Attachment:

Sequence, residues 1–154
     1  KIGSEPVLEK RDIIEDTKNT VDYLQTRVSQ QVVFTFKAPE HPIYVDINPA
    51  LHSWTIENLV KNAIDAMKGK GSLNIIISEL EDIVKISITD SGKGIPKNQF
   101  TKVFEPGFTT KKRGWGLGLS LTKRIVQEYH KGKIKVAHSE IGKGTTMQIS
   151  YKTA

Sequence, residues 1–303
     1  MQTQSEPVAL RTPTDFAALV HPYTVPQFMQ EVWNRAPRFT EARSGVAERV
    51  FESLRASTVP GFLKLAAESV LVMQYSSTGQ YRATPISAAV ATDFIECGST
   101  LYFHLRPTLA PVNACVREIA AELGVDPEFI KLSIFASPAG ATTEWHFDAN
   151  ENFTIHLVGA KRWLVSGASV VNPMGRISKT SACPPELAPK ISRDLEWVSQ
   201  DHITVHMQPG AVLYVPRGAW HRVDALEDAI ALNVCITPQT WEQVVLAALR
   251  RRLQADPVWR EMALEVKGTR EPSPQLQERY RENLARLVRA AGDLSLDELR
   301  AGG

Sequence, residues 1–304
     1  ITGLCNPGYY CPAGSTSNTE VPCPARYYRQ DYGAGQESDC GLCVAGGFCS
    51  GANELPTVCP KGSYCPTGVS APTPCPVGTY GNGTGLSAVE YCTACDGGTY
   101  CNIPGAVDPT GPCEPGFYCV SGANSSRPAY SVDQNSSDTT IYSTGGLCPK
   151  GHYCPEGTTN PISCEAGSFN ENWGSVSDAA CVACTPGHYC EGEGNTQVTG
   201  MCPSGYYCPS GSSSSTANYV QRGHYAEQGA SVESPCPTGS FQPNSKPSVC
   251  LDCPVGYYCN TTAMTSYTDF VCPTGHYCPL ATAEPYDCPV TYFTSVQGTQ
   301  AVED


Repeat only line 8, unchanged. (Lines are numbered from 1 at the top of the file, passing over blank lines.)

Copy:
    51  FESLRASTVP GFLKLAAESV LVMQYSSTGQ YRATPISAAV ATDFIECGST